Farming comes with a lot of pride, pride in how you look after your livestock and pride in how you care for your land. This pride can give you a real big headache when weeds start to spread, thus adding to the ever-growing list of chores.

Weeds are so unwanted that you find ways to manage and control their growth. By understanding how to control and manage weeds, you can reduce the mental burden of dealing with them.

In this article, we'll discuss weed control methods, notably:

1. Why control weed growth?

2. General categories of weed control methods

3. Methods to control your weeds?

Why control weed growth?

Weeds affect the growth of plants surrounding them by competing for nutrients, soil, water, and space. In cases of younger or smaller plants, some weeds even overpower their young plant parts.

Weeds not only affect the plants around them, but they can bring unnecessary trouble to the entire farm. For one, some types of weeds block drainage pipes, while some weeds, if left unchecked, may obstruct the function of farm machinery that is used for cultivation. Matter of fact, weeds can cause more manual labour for farmers like yourself.

If left uncontrolled, weeds may become hosts for various plant diseases and pests that will cause you a more significant headache.

General categories of weed control methods.

1. Preventive Methods of Weed Control

In weed management, prevention is crucial. A weed infestation that has gone array and has increased over time may require more expensive control methods. Any method that prevents the establishment of weeds in a pasture or across a farm is considered preventive weed control.

2. Cultural Methods to Control Weed Growth

Weeds are considered opportunistic and invasive; that is why cultural control or the establishment of a competitive and desired vegetation helps prevent or at least slow down the growth of weeds. Cultural control is considered highly effective in weed management.

3. Chemical Methods of Weed Growth Control

The use or application of chemicals (herbicide) to weeds or soil to control weed growth is called chemical weed control. Herbicides are considered the most effective and time-efficient method of weed control. Some herbicides are formulated so as not to cause harm to the surrounding plants of the weed. Chemical control is an effective way of controlling weeds. Currently, there are many chemical products available on the market for this control.

4. Biological Methods to Control Weed Growth

Any technique involving the use of living agents that are natural suppressors of weed growth is known as biological weed control. Living agents, such as grazing animals, insects, fungi, or bacteria, are being used not only to eradicate weeds but also to control the germination of its seeds. Insects are often utilised in biological weed control, with some naming this practice as insect bio-control or integrated pest management (IPM). Among many insects used in IPM, are a cinnabar moth, tansy flea beetle, and chrysolira beetle.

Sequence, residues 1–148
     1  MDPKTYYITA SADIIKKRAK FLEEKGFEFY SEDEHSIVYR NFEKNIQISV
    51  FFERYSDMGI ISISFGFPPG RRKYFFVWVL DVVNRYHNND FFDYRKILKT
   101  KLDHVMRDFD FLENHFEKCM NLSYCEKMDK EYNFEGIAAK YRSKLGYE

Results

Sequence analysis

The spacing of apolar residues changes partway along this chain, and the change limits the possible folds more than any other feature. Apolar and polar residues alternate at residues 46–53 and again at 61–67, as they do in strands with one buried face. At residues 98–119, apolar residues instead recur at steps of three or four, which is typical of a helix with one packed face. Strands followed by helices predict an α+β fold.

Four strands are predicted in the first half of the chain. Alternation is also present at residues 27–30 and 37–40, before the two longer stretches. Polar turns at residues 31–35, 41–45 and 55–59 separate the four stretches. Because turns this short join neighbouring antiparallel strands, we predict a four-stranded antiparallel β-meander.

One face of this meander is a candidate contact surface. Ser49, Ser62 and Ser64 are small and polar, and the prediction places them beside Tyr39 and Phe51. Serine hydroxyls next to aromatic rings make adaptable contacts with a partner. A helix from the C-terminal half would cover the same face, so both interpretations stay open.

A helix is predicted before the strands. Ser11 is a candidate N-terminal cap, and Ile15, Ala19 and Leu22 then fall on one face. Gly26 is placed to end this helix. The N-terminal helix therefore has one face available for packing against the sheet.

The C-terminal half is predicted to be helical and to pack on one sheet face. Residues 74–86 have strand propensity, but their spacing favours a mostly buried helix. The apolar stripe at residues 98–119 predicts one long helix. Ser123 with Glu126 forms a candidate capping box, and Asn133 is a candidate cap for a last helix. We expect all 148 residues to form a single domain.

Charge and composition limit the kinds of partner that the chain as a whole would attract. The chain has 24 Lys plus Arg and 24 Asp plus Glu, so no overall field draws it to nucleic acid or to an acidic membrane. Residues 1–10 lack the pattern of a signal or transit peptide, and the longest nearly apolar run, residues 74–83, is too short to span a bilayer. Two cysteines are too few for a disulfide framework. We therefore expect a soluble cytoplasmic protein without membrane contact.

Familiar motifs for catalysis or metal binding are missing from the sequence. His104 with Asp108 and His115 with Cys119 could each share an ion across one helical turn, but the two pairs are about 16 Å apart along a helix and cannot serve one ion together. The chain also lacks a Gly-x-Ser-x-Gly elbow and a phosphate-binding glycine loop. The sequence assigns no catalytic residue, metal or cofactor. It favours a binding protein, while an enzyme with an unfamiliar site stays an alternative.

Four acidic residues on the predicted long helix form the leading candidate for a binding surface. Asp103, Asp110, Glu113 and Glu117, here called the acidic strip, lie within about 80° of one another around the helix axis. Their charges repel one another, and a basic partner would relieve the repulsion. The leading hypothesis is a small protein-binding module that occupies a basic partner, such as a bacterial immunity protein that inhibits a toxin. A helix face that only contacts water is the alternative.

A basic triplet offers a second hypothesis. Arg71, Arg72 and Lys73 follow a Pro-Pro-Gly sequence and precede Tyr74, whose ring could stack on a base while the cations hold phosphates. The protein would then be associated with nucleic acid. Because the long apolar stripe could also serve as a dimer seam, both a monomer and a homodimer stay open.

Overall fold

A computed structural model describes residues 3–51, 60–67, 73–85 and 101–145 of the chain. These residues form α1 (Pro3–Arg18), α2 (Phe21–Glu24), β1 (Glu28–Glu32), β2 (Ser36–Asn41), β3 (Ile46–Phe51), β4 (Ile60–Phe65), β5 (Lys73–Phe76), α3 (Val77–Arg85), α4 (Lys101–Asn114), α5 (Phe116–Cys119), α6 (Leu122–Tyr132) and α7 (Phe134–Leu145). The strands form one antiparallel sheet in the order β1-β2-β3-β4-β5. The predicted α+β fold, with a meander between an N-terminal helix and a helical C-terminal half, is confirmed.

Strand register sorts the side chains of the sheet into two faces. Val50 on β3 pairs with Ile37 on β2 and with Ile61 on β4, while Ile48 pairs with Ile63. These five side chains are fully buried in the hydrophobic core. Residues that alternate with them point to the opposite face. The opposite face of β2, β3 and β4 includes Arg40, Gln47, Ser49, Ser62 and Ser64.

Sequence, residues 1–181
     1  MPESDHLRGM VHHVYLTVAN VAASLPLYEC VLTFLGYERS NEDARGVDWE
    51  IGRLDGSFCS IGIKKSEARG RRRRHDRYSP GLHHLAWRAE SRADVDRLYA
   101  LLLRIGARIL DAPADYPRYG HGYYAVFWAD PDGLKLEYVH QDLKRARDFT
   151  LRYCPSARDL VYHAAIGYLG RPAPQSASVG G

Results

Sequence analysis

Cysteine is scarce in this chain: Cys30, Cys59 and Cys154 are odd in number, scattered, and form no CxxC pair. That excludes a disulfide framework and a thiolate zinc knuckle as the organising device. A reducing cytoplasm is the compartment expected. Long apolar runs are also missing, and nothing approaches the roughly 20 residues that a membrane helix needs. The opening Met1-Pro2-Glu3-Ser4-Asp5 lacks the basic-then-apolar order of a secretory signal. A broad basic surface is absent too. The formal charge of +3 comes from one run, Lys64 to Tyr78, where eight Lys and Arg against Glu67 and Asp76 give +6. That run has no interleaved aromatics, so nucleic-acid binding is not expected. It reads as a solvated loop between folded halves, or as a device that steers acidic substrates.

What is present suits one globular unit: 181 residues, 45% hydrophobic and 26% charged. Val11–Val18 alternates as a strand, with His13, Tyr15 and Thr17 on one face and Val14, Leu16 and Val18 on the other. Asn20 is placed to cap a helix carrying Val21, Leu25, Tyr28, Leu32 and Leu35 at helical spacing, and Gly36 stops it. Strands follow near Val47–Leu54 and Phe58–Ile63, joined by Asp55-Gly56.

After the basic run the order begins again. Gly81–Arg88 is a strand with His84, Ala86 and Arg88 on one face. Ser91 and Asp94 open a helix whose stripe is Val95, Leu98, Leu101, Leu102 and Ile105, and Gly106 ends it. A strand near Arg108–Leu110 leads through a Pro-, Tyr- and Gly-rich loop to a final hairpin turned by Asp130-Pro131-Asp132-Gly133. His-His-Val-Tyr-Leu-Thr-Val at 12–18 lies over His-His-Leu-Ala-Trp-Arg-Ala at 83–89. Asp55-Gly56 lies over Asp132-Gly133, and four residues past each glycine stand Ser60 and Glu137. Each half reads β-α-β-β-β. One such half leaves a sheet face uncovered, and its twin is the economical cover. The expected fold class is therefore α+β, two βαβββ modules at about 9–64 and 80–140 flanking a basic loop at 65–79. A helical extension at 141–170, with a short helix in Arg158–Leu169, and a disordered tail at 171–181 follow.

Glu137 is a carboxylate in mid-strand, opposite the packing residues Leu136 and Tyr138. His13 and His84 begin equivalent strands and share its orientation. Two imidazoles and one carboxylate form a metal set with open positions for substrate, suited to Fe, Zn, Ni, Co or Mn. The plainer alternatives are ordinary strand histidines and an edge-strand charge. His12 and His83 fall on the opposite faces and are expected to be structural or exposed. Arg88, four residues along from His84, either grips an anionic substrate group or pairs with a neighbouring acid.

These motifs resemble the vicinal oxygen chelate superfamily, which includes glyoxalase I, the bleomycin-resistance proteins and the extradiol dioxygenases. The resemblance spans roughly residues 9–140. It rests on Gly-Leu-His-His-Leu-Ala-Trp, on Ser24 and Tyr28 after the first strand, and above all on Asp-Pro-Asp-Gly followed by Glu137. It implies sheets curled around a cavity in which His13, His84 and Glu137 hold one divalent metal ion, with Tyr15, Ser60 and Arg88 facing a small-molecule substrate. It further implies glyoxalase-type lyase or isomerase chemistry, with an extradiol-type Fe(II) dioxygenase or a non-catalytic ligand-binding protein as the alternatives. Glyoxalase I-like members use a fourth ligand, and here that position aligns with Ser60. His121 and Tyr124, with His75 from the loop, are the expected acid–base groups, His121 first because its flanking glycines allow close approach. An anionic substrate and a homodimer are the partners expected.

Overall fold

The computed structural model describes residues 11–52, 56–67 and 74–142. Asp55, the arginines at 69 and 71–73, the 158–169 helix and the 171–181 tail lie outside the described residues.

5. Manual/Mechanical Methods of Weed Growth Control

Physical disruption with the use of farm equipment or through physical actions is under mechanical weed control. The success of methods under this category varies depending on the life cycle of the target weed species.

We've now discussed the various categories or means that we can use to maintain weed control. Let's proceed to the many mechanical methods you may consider implementing in your pasture or across your farm.

Pasture full of weeds, most notably thistles.

Methods to control your weeds

Mowing and Cutting

Mowing and cutting can decelerate the production of seed and can limit the growth of weeds. Especially when the work is completed before the weeds flower and sets seed. However, this does not apply to all plants. There are some weed species that re-sprout abundantly and continuously when cut, making the plant set seed and flower faster than usual.

An example of this is the yellow starthistle (Centaurea solstitialis). Mowing is an effective method of controlling this weed, especially when there is approximately 2-5% flowering. However, if this particular weed is mowed earlier, it can re-sprout quickly.

How? Mowing and cutting can be done as primary treatments alongside herbicide applications to get rid of aboveground biomass. Just make sure that you collect and stash away the cut or mowed parts of the weed species that are capable of re-sprouting from the stem or root segments. This way, you're assured that the cut or mowed parts of the weeds will not infest the other areas of your pasture.

Weed Pulling